This is not a legislative issue, but we are giving the information because it could affect many seniors, as well as others, of course.
Recently, the Red Cross announced it faces an emergency blood and platelet shortage. Donor turnout has reached the lowest levels of the year, decreasing by about 10% since August. Those who are eligible to donate are urged to do so now to help overcome this current shortage.
“Throughout the pandemic, we have experienced challenges collecting blood for patients from blood drive cancellations to surging hospital demand. Now with decreased blood donor turnout, our Red Cross blood supply has dropped to the lowest it has been at this time of year since 2015,” said Chris Hrouda, president of Red Cross Biomedical Services. “We recognize that this is a trying time for our country as we balance the new demands of returning to former routines with the ongoing pandemic, but lifesaving blood donations remains essential for hospitals patients in need of emergency and medical care that can’t wait. The Red Cross is working around the clock to meet the blood needs of hospitals and patients – but we can’t do it alone.”
Those who are eligible are urged to share their good health – please schedule an appointment to give blood or platelets as soon as possible by using the Red Cross Blood Donor App, visiting RedCrossBlood.org or calling 1-800-RED CROSS (1-800-733-2767). All blood types are needed.
The Red Cross has had less than a day’s supply of certain blood types in recent weeks. The supply of types O positive and O negative blood, the most needed blood types by hospitals, dropped to less than a half-day supply at times over the last couple of months − well below the ideal five-day supply. There is also an emergency need for platelets, which is the clotting portion of blood and must be transfused within five days of donation.
All those who come to donate in October will receive a link by email to claim a free Zaxby’s Signature Sandwich reward or get a $5 e-gift card to a merchant of their choice.
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Help is Available for Some Kinds of Medical Debt
According to a study by the National Bureau of Economic Research, per capita health care spending for the elderly in the US is substantially higher than for the population as a whole.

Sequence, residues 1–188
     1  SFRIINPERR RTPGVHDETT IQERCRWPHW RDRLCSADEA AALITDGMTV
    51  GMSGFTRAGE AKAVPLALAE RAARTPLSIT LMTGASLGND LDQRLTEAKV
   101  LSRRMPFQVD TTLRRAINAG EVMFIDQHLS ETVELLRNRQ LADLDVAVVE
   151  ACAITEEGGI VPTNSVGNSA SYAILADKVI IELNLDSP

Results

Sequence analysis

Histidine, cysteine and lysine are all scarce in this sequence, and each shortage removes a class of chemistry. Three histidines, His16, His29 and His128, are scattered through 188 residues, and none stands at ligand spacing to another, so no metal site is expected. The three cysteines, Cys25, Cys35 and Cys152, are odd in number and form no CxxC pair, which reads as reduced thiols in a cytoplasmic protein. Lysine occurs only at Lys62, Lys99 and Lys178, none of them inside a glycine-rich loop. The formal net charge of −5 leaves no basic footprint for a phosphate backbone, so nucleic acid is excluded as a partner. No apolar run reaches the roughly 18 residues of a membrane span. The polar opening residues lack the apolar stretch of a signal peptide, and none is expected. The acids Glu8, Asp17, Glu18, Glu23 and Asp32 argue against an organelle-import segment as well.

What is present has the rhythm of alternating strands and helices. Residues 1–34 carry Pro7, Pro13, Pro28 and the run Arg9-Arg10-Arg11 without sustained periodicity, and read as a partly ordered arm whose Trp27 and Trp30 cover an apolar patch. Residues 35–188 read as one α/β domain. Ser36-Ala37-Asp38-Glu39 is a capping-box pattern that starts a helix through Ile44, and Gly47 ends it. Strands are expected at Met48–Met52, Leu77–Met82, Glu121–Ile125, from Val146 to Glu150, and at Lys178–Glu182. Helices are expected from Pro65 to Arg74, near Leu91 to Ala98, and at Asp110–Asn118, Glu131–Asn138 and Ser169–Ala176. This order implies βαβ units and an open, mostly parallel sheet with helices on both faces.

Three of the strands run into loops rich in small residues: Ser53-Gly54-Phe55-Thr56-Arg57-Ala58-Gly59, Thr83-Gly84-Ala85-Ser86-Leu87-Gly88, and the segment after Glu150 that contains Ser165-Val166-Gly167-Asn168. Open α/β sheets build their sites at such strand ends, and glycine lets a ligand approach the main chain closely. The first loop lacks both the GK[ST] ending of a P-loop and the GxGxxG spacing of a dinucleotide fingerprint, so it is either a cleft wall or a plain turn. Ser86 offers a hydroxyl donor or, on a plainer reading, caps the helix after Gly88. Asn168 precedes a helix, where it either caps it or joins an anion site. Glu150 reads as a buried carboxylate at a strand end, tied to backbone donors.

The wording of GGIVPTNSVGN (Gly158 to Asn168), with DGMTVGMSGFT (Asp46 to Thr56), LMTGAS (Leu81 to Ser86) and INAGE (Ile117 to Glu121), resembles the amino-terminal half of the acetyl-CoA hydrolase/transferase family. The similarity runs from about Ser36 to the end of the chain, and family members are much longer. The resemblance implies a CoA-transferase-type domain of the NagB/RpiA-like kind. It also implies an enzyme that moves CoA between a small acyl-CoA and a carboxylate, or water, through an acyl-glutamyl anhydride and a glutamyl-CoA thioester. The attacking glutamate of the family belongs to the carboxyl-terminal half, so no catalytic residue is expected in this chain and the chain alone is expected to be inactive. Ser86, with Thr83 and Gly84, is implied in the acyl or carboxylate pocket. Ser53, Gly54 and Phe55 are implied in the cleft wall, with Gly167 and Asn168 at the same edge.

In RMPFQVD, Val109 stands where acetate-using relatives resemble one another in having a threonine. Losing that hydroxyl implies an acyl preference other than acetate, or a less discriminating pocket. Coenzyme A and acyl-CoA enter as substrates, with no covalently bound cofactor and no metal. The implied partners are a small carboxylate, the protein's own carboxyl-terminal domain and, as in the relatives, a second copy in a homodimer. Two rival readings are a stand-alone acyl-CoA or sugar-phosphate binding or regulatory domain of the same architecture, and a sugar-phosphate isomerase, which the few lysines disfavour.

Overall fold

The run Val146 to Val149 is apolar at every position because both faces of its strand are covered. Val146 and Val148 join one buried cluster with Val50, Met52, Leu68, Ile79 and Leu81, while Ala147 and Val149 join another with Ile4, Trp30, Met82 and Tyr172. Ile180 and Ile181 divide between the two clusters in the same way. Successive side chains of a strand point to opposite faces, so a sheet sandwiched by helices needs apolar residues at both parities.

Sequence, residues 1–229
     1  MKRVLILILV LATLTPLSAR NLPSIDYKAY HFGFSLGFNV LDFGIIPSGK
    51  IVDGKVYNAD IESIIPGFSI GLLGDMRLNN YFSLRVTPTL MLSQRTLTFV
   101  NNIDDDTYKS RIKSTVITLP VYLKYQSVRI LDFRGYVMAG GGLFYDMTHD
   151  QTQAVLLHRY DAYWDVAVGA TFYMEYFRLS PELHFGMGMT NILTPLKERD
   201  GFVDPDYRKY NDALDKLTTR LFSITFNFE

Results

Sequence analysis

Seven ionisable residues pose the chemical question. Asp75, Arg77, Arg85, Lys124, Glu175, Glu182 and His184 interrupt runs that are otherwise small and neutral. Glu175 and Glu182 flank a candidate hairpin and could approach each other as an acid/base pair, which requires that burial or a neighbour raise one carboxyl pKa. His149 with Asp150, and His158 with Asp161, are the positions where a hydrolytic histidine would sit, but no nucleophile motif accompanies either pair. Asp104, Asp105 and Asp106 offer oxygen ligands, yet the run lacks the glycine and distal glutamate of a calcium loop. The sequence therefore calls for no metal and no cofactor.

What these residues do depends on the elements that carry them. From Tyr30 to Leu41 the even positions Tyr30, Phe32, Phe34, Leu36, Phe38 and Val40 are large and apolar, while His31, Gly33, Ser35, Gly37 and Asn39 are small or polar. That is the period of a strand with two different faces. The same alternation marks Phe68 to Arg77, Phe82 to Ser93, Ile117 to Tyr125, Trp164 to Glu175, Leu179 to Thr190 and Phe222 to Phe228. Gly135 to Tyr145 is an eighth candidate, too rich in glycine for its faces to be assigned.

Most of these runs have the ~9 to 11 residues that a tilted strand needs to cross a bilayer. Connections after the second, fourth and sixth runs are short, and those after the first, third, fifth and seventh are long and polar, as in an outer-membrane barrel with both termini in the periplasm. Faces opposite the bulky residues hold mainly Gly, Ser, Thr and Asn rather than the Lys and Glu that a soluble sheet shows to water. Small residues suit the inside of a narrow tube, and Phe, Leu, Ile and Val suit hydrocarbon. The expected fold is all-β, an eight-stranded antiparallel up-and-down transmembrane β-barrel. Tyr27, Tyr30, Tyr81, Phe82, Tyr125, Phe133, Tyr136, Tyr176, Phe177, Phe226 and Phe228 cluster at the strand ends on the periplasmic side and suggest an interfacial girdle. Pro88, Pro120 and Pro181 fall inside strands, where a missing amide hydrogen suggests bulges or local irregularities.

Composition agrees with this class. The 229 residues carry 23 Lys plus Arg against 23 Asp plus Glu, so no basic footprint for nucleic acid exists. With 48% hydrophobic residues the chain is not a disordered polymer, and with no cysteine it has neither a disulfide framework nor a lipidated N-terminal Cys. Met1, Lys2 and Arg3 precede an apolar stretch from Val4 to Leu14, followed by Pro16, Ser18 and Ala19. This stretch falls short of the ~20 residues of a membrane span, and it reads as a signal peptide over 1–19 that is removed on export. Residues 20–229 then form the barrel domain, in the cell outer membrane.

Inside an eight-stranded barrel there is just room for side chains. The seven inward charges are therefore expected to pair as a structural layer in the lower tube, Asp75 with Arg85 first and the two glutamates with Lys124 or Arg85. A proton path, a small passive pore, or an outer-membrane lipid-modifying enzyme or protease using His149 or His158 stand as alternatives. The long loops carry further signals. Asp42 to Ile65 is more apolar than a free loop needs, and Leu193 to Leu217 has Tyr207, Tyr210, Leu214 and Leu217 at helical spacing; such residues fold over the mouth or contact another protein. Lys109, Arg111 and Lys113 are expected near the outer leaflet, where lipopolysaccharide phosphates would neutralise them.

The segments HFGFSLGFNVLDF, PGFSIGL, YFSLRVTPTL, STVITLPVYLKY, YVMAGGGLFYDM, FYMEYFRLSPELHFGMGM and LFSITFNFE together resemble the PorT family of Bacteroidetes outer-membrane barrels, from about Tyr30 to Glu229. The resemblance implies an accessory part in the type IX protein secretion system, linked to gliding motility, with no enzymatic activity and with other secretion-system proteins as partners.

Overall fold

One reason for this is high prescription drug prices since older Americans in general depend on prescription drugs for their well-being. According to one health policy expert at Johns Hopkins University, seniors who are on Social Security and who spend 10 percent or more of their income on health care have difficult decisions to make about where to live, what they can eat, and spending on other essential services.
That’s especially true this past year with the rapidly rising inflation that has hit as a result of the coronavirus disruptions to our economy.
There is some good news, however, regarding relief from some medical bills.
According to an article in Kaiser Health News, “The Affordable Care Act, the health law also known as Obamacare, requires nonprofit hospitals to make financial assistance available to low-income patients and post those policies online. Across the U.S., more than half of hospitals are nonprofit — and in some states all or nearly all hospitals are nonprofit. But many people who qualify for financial assistance — or ‘charity care,’ as it is sometimes known — never apply.”
You can read more about this assistance here: CLICK HERE
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As we continue dealing with the Covid 19 pandemic, TSCL remains constant in our fight for you to protect your Social Security, Medicare, and Medicaid benefits. We’ve had to make some adjustments in the way we carry on our work, but we have not, and will not stop our work on your behalf.
For progress updates or for more information about these and other bills that would strengthen Social Security and Medicare programs, visit the our website at www.SeniorsLeague.org, follow TSCL on Twitter or Facebook.